I have lost count of the times I have heard the phrase “I am not interested in politics”. Often, it is young Cubans who say it.
It’s legitimate that we may not be interested in politics, especially if one has lived most of their life under a totalitarian system where even the flight of a pigeon is linked to politics.
Those of us who were born after 1959 were practically converted into robots. Our capacity of thought was reduced to “Pioneers for communism, we will be like Che” or “Country or Death, we will Win”. In sum, it was a bunch of slogans which bordered dementia.
I respect young Cubans who come from the island and are not interested in politics, it is their right.
But, I feel that it is something completely hypocritical to see those same people who are not interested in politics form a scandal when some US congressman or woman proposes a law to restrict something that has to do with Cuba, or when they want to modify the discredited “Cuban Adjustment Act”, a law which so many Hispanics and people of other ethnic groups long for.
The majority of those who take shelter in the “Cuban Adjustment Act” leave the island because of economic problems and not because they stood up against the ruthless regime which enslaves the country. In fact, upon obtaining US residency, one of the first things many Cubans think of is in returning to their homeland to take a look over the shoulders of their own country. Those who act in such a manner are the oddest political refugees which humanity has ever seen.
In the last 9 months, Cuba has lost two important figures of the peaceful opposition. Their deaths have left lots of doubts up in the air. They were both recipients of the “Sakharov” Award. First Laura Pollan, leader of the Ladies in White, in a case of “dengue” and a few weeks ago the president of Christian Liberation Movement, Oswaldo Paya Sardinas, after a suspicious “car accident”.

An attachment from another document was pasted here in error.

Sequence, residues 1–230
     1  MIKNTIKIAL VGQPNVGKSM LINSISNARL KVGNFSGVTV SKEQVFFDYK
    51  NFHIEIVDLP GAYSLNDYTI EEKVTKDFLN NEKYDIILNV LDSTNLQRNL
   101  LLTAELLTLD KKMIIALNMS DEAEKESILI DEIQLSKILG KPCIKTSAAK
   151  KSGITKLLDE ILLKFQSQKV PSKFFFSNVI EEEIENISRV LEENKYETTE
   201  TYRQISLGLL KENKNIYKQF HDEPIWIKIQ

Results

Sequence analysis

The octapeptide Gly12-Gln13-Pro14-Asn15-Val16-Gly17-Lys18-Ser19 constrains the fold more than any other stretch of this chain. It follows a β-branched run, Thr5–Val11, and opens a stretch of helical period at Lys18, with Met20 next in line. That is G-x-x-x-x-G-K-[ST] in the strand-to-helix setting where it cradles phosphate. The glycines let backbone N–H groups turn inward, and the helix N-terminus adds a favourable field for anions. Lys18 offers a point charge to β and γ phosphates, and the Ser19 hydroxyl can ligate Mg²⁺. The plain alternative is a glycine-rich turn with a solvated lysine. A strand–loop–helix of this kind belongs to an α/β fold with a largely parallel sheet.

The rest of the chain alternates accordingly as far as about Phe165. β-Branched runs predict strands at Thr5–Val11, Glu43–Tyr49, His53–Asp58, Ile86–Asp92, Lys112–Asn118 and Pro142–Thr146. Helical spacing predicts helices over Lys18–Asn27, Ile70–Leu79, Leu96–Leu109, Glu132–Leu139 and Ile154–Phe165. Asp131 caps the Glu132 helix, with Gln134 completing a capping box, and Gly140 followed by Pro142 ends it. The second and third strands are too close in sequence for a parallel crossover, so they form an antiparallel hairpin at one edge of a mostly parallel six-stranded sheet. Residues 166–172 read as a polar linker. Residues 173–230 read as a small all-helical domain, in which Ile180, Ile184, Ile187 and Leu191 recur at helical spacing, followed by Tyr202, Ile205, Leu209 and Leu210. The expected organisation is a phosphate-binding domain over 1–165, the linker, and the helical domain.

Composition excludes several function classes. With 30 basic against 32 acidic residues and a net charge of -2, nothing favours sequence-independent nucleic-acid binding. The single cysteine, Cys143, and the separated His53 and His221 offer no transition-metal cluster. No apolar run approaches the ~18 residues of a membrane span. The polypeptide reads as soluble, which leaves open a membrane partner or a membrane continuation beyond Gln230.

Those who have confronted the dictatorship know of what those who are at the service of the intelligence apparatus are capable of doing when any person who wants change for Cuba and who wants to destroy their totalitarian power stands in their way.
I feel shame when I hear Cubans who live in freedom say: “I am not interested in politics”, and it is not even because of the phrase itself, really, but instead it is because of the hypocrisy which hangs on those words. It is true that many are not interested in talking bad about the regime, about condemning its crimes, denouncing every violent act against the people, yet they do say things about the politicians of the country which has given us refuge whenever they try to pass some law against the dictatorship and, in one way or another, affect their interests.
It is possible that Cuba will change very soon. It is also possible that everything will continue the same, or worse, especially for those who confront the power of the Communist machinery from the inside. But every Cuban has the responsibility of taking action for the destiny of our nation.
There is no such thing as good or bad hypocrisy, just like there is no such thing as good or bad fear. It has been proven: every country which has chosen hypocrisy and fear as their shield has ended in ruins or in shackles. It is time to put an end to harmful fear and subtle hypocrisy.
Translated by Raul G.
19 September 2012